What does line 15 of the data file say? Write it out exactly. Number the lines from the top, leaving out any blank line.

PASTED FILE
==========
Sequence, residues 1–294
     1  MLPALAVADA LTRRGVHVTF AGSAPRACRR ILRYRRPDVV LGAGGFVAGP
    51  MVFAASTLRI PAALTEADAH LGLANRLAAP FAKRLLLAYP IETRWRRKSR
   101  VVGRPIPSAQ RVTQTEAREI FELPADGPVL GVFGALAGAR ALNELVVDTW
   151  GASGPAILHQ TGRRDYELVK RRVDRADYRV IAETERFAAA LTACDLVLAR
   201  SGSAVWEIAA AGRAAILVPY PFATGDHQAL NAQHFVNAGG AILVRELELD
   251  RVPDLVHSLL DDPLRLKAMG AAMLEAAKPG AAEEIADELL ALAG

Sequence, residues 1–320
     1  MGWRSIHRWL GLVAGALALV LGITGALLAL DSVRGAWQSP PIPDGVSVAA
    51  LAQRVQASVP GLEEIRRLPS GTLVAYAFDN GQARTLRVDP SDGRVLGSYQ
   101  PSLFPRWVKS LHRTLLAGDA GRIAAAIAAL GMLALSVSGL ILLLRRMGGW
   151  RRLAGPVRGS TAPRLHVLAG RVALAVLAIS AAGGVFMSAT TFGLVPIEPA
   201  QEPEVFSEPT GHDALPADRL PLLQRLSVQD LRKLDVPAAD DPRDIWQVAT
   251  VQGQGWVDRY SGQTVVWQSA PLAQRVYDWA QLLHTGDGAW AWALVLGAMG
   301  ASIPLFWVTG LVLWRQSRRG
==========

   301  ASIPLFWVTG LVLWRQSRRG